NSW South Coast suffers through bushfire crisis


The NSW South Coast has been devastated by the bushfire crisis over the summer, and despite a reprieve earlier in the week with light rain, conditions are expected to again deteriorate by 10 January.

The sky turns red over the NSW South Coast town of Bodalla on Saturday 4 January. Photo by Brett Hemmings/Getty Images.

Over 1,500 homes have been destroyed across the State this fire season, and at the time of going to print, the death toll from the bushfires in NSW is at 20 people, eight of whom have died on the South Coast since 30 December.

On Monday 6 January, residents from Eden in the south to Batemans Bay in the north were allowed to return home after being evacuated on 2 January.

Batemans Bay resident Dene Lewthwaite said everything on the coast is “pretty raw” at the moment.

“I’m in Surf Beach … It got evacuated 9 o’clock New Year’s Eve once we had fire coming over the hill toward our place.

“Since then we’ve had no power, and the phones on and off over the last week and we had to evacuate Saturday with the second wave of fire.

“The main thing, the RFS has been great … The community down here has rallied together and that’s great, it’s great to see us helping each other,” Mr Lewthwaite said.

He said the long-term effects of the fires will also be felt by local businesses on the NSW South Coast.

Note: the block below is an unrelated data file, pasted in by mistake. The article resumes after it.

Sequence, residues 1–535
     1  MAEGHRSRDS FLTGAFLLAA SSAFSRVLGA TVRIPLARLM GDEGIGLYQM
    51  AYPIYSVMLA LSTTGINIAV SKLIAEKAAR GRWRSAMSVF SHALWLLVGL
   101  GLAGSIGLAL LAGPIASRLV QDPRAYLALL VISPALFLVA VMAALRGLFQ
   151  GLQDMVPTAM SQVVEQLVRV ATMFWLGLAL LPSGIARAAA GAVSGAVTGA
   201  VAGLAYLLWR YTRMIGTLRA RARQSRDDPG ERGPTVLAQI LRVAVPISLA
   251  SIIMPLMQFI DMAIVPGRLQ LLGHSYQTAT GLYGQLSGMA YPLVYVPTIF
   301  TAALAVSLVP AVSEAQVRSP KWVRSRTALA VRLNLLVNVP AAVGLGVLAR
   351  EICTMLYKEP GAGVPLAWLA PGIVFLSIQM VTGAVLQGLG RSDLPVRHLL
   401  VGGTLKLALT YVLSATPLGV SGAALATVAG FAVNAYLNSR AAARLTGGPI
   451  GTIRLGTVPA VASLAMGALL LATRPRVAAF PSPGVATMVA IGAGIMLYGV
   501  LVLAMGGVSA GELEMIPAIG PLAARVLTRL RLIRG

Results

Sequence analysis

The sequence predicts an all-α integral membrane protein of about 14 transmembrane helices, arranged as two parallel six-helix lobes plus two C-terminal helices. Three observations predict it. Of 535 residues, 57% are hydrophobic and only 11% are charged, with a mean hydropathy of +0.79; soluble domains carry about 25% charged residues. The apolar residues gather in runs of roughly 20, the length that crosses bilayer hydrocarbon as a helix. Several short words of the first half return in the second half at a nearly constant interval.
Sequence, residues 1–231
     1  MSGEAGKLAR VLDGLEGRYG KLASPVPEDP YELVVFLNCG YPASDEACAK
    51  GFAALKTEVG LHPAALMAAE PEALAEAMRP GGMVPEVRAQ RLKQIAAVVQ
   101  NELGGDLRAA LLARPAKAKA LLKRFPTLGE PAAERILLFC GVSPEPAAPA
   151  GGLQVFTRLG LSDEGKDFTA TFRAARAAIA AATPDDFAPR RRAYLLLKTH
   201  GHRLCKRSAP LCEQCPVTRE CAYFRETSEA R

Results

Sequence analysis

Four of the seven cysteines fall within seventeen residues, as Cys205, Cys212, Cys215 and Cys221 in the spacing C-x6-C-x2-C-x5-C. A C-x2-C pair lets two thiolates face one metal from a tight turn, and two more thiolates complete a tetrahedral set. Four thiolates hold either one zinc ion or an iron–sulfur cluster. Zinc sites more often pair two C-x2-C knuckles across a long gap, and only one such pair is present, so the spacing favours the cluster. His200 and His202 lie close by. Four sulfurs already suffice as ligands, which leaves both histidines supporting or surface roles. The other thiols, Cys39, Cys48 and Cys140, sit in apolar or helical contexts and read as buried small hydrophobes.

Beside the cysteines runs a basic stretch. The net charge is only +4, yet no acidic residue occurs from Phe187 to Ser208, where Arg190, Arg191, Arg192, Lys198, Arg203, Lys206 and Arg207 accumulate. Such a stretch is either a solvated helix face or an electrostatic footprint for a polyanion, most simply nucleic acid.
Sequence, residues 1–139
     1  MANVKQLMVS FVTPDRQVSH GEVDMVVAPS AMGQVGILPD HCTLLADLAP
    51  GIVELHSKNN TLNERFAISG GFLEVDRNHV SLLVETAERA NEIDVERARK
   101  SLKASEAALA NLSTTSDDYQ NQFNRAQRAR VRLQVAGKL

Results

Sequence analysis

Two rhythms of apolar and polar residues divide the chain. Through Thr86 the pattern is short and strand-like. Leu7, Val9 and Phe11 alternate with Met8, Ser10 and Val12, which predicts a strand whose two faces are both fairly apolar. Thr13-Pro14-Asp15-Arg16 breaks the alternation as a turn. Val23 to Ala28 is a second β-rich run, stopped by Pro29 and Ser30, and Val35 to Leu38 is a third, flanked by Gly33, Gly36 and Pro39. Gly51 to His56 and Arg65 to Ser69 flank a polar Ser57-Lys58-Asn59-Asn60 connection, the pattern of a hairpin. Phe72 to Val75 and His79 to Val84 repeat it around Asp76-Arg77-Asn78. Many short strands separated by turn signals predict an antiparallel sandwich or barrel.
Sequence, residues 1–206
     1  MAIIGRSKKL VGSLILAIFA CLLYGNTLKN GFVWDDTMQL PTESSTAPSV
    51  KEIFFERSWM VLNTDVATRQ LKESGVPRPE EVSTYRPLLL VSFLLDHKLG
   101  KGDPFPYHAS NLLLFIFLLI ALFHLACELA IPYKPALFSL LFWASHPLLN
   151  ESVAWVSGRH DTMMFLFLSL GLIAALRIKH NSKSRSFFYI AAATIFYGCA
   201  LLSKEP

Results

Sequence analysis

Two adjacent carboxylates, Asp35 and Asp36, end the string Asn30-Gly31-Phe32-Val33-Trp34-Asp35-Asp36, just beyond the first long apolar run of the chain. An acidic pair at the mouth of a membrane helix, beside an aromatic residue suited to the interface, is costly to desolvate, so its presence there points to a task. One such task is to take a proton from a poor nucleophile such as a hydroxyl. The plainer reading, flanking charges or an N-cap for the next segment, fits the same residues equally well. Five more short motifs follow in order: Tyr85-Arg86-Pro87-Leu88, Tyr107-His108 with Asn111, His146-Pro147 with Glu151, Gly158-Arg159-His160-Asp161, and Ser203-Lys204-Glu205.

“This six-week period is the busiest time of year where they make their money to keep them going through the quieter months; it will certainly affect a number of businesses throughout the area.

“I drove into town today (7 January) and most of the businesses here have reopened for the first time, the ones that can anyway, and have power, but quite a few have been burnt out in the industrial area.”

Fires at Currowan and the Clyde Mountain eased on Monday 6 January as light rain fell across the fire grounds.

On Tuesday 7 January, the large Currowan bushfire, burning west of Kangaroo Valley in the north, Braidwood in the west, and Batemans Bay in the south, was being controlled at 303,648 ha. The smaller Clyde Mountain fire was out of control at a size of 82,546 ha.

On the afternoon of 7 January, 133 fires were burning across NSW, and while cooler weather has provided a reprieve from the diabolical conditions seen over the weekend of 4-5 January, conditions were expected to deteriorate on Friday 10 January.

“No one is under the illusion that this game is over, there is still a lot of work to do and ongoing risk,” said NSW RFS community safety officer, Marty Webster.

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